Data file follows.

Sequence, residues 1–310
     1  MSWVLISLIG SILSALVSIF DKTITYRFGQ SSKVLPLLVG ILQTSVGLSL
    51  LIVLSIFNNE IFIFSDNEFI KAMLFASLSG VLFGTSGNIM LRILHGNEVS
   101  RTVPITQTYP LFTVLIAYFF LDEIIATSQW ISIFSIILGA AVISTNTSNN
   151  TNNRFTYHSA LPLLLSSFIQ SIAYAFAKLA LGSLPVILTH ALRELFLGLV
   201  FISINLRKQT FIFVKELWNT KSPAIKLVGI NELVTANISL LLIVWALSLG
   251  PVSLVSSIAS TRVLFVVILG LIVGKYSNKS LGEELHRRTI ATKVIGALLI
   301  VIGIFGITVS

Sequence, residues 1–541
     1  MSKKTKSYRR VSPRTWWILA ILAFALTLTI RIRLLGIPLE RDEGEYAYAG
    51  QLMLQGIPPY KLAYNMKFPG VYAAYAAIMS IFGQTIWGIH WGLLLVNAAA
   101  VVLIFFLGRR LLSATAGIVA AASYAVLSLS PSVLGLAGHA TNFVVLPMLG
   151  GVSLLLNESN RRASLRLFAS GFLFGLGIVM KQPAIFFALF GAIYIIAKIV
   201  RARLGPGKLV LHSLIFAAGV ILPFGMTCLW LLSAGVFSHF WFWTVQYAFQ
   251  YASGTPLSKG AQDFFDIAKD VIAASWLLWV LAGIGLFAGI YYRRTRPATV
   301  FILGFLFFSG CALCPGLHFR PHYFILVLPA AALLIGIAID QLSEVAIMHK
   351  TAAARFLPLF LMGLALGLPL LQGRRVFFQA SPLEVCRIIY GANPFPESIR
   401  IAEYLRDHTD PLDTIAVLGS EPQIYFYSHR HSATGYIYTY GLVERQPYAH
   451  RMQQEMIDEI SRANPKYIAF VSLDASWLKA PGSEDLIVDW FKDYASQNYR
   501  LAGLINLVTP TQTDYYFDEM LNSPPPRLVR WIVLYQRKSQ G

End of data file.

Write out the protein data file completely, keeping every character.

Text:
Sequence, residues 1–310
     1  MSWVLISLIG SILSALVSIF DKTITYRFGQ SSKVLPLLVG ILQTSVGLSL
    51  LIVLSIFNNE IFIFSDNEFI KAMLFASLSG VLFGTSGNIM LRILHGNEVS
   101  RTVPITQTYP LFTVLIAYFF LDEIIATSQW ISIFSIILGA AVISTNTSNN
   151  TNNRFTYHSA LPLLLSSFIQ SIAYAFAKLA LGSLPVILTH ALRELFLGLV
   201  FISINLRKQT FIFVKELWNT KSPAIKLVGI NELVTANISL LLIVWALSLG
   251  PVSLVSSIAS TRVLFVVILG LIVGKYSNKS LGEELHRRTI ATKVIGALLI
   301  VIGIFGITVS

Sequence, residues 1–541
     1  MSKKTKSYRR VSPRTWWILA ILAFALTLTI RIRLLGIPLE RDEGEYAYAG
    51  QLMLQGIPPY KLAYNMKFPG VYAAYAAIMS IFGQTIWGIH WGLLLVNAAA
   101  VVLIFFLGRR LLSATAGIVA AASYAVLSLS PSVLGLAGHA TNFVVLPMLG
   151  GVSLLLNESN RRASLRLFAS GFLFGLGIVM KQPAIFFALF GAIYIIAKIV
   201  RARLGPGKLV LHSLIFAAGV ILPFGMTCLW LLSAGVFSHF WFWTVQYAFQ
   251  YASGTPLSKG AQDFFDIAKD VIAASWLLWV LAGIGLFAGI YYRRTRPATV
   301  FILGFLFFSG CALCPGLHFR PHYFILVLPA AALLIGIAID QLSEVAIMHK
   351  TAAARFLPLF LMGLALGLPL LQGRRVFFQA SPLEVCRIIY GANPFPESIR
   401  IAEYLRDHTD PLDTIAVLGS EPQIYFYSHR HSATGYIYTY GLVERQPYAH
   451  RMQQEMIDEI SRANPKYIAF VSLDASWLKA PGSEDLIVDW FKDYASQNYR
   501  LAGLINLVTP TQTDYYFDEM LNSPPPRLVR WIVLYQRKSQ G